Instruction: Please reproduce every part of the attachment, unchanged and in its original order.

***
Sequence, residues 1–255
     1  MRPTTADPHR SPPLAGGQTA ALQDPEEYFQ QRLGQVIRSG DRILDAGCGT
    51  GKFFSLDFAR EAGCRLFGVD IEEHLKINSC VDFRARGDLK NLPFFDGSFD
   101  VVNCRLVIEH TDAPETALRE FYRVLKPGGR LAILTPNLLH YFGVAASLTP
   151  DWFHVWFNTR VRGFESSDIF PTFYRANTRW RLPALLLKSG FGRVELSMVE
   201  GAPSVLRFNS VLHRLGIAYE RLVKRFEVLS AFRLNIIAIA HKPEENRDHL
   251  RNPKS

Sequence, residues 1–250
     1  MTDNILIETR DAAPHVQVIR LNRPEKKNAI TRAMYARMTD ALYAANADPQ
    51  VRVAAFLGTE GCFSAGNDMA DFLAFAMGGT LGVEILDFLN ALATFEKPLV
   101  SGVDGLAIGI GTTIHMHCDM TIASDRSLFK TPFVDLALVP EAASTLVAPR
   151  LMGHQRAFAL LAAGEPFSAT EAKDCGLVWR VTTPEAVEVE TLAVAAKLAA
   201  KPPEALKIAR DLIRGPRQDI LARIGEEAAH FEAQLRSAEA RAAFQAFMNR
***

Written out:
Sequence, residues 1–255
     1  MRPTTADPHR SPPLAGGQTA ALQDPEEYFQ QRLGQVIRSG DRILDAGCGT
    51  GKFFSLDFAR EAGCRLFGVD IEEHLKINSC VDFRARGDLK NLPFFDGSFD
   101  VVNCRLVIEH TDAPETALRE FYRVLKPGGR LAILTPNLLH YFGVAASLTP
   151  DWFHVWFNTR VRGFESSDIF PTFYRANTRW RLPALLLKSG FGRVELSMVE
   201  GAPSVLRFNS VLHRLGIAYE RLVKRFEVLS AFRLNIIAIA HKPEENRDHL
   251  RNPKS

Sequence, residues 1–250
     1  MTDNILIETR DAAPHVQVIR LNRPEKKNAI TRAMYARMTD ALYAANADPQ
    51  VRVAAFLGTE GCFSAGNDMA DFLAFAMGGT LGVEILDFLN ALATFEKPLV
   101  SGVDGLAIGI GTTIHMHCDM TIASDRSLFK TPFVDLALVP EAASTLVAPR
   151  LMGHQRAFAL LAAGEPFSAT EAKDCGLVWR VTTPEAVEVE TLAVAAKLAA
   201  KPPEALKIAR DLIRGPRQDI LARIGEEAAH FEAQLRSAEA RAAFQAFMNR